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Large kidneys predict poor renal outcome in subjects with diabetes and chronic kidney disease
BMC Nephrologyvolume 11, Article number: 3 (2010)
Renal hypertrophy occurs early in diabetic nephropathy, its later value is unknown. Do large kidneys still predict poor outcome in patients with diabetes and Chronic Kidney Disease (CKD)?
Seventy-five patients with diabetes and CKD according to a Glomerular Filtration Rate (GFR, by 51Cr-EDTA clearance) below 60 mL/min/1.73 m2 or an Albumin Excretion Rate above 30 mg/24 H, had an ultrasound imaging of the kidneys and were cooperatively followed during five years by the Diabetology and Nephrology departments of the Centre Hospitalier Universitaire de Bordeaux.
The patients were mainly men (44/75), aged 62 ± 13 yrs, with long-standing diabetes (duration:17 ± 9 yrs, 55/75 type 2), and CKD: initial GFR: 56.5 (8.5-209) mL/min/1.73 m2, AER: 196 (20-2358) mg/24 H. Their mean kidney lenght (108 ± 13 mm, 67-147) was correlated to the GFR (r = 0.23, p < 0.05). During the follow-up, 9/11 of the patients who had to start dialysis came from the half with the largest kidneys (LogRank: p < 0.05), despite a 40% higher initial isotopic GFR. Serum creatinine were initially lower (Small kidneys: 125 (79-320) μmol/L, Large: 103 (50-371), p < 0.05), but significantly increased in the "large kidneys" group at the end of the follow-up (Small kidneys: 129 (69-283) μmol/L, Large: 140 (50-952), p < 0.005 vs initial). The difference persisted in the patients with severe renal failure (KDOQI stages 4,5).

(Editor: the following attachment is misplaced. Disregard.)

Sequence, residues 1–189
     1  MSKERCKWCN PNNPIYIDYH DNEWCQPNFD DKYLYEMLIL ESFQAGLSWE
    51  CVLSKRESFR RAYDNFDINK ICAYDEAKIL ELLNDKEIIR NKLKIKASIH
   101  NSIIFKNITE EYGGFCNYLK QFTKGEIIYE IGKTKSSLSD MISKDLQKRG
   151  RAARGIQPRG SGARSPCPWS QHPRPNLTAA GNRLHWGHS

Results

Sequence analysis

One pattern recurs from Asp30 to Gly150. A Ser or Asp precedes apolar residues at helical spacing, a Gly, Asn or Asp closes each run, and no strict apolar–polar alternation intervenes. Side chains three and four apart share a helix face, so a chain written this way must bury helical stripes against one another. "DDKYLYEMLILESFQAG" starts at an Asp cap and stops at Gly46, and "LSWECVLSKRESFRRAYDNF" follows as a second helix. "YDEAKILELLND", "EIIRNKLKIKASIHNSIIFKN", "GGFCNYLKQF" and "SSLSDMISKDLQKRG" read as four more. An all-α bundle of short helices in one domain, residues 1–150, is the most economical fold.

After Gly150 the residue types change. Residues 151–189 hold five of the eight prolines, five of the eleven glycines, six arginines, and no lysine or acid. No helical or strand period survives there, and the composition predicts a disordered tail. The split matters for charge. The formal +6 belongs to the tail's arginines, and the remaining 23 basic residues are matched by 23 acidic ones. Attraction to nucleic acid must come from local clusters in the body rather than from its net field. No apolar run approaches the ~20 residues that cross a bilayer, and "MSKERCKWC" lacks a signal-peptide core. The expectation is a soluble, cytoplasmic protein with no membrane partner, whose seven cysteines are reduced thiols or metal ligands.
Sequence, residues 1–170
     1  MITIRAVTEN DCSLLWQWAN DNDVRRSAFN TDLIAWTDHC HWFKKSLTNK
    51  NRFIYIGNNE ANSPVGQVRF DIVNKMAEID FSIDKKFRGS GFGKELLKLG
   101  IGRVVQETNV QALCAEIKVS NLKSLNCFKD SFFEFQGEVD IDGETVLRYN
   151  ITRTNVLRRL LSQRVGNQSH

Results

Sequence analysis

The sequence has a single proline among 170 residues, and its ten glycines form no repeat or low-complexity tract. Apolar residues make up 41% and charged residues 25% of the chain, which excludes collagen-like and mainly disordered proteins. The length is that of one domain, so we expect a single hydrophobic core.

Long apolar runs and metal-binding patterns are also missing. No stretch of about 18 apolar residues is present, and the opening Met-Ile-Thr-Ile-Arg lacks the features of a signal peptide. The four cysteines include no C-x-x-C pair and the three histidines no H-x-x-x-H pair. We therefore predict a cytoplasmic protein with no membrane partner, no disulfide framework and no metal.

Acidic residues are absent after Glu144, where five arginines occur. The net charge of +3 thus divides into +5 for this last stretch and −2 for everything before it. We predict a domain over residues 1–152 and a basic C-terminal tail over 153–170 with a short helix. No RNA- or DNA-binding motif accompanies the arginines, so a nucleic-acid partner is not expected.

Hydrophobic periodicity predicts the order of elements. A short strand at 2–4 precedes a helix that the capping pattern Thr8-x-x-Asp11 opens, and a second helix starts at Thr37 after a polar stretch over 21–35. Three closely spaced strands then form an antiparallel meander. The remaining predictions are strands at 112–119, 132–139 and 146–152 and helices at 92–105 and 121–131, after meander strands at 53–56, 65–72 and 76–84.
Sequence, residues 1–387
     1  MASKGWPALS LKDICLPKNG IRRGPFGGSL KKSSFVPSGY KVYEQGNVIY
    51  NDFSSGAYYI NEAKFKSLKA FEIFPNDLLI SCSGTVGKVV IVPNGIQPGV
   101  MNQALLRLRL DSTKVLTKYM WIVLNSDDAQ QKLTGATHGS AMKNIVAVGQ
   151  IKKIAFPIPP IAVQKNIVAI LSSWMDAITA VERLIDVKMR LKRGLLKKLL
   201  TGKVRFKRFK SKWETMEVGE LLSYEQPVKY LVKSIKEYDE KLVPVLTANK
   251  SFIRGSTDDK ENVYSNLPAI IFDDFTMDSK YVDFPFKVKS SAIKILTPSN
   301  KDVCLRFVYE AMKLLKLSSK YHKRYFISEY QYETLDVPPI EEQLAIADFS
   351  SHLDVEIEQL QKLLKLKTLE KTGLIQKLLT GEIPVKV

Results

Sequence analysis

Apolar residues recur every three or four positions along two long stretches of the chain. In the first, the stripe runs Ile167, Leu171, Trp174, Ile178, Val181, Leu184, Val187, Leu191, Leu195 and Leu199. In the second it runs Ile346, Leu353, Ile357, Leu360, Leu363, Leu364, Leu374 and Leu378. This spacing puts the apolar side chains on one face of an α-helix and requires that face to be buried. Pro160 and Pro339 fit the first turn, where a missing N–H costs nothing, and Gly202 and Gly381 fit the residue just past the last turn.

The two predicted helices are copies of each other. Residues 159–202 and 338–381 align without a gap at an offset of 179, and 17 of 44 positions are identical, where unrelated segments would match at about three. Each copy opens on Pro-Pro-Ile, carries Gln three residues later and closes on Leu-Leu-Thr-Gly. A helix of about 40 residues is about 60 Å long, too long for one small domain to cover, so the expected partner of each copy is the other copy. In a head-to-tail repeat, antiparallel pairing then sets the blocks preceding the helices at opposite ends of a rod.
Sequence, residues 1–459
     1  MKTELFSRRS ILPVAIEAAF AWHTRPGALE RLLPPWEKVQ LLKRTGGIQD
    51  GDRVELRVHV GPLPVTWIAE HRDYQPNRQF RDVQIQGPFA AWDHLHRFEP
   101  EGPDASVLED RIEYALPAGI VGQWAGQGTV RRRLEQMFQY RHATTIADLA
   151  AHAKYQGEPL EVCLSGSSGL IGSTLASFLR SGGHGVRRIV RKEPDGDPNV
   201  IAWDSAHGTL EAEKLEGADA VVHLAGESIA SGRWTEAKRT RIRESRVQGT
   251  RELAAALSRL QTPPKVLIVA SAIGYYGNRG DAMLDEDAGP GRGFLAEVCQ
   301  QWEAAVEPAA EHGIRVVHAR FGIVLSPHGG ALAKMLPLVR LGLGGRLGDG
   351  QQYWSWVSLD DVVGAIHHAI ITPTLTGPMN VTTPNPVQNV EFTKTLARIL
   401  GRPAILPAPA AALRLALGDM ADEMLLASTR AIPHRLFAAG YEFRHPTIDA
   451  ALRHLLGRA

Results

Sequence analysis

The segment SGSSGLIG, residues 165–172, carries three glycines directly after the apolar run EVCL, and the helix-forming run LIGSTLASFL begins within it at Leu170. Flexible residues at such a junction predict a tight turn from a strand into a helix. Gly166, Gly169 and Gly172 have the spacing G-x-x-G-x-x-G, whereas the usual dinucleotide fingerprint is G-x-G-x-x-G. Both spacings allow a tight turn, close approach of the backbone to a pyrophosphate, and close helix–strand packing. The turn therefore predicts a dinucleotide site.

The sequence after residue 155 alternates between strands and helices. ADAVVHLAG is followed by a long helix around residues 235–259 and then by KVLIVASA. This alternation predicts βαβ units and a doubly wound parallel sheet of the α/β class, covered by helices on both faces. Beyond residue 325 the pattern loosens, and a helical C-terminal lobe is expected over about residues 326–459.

Large kidneys still predict progression in advanced CKD complicating diabetes. In these patients, ultrasound imaging not only excludes obstructive renal disease, but also provides information on the progression of the renal disease.
One third of patients with diabetes have kidney damage . The screening of Chronic Kidney Disease (CKD) in patients with diabetes is based on the Albumin excretion rate (AER, threshold: 30 mg/24 H) and the estimated Glomerular Filtration Rate (e-GFR, threshold: 60 mL/min/1.73 m2) . Other phenomena occur earlier in the course of diabetic nephropathy, such as glomerular hyperfiltration [3, 4], renal hypertrophy , and renal histologic lesions , but their assessment in day-to-day clinical practice is inconvenient: renal biopsies are invasive, GFR determinations are expensive and GFR estimations are not useful for diagnosis of hyperfiltration [7, 8].
Ultrasound allows non-invasive renal imaging at moderate expense, and it is recommended for the first line evaluation of CKD , although the discovery of obstructive renal disease or tumors is rare . The overal dimensions of the kidneys can also be determined by ultrasonic imaging . Zerbini et al have recently shown that renal hypertrophy predicts microalbuminuria in patients with type 1 diabetes and normal renal function . Whether kidney size still predicts the progression in more advanced cases, when ultrasound imaging is indicated in clinical practice, is unknown.
In 75 patients with diabetes and CKD, we measured the AER, the GFR by 51Cr-EDTA clearance, and kidney length by ultrasound. The patients were then enrolled in a structured collaborative care program involving diabetologists and nephrologists, and followed up for 5 years, to determine whether their outcome (number of dialysis onset, serum creatinine and e-GFR) differed according to initial kidney size.
Seventy-five patients (44 men, mean age 62 ± 13 yrs) were recruited from the Nutrition-Diabetology and Nephrology departments of the Centre Hospitalier Universitaire de Bordeaux. The inclusion criteria were:
1-Diabetes. Twenty patients had type 1 diabetes, 55 type 2,
2-CKD according to an AER above 30 mg/24 H or a GFR below 60 mL/min/1.73 m2, not requiring renal replacement therapy at inclusion,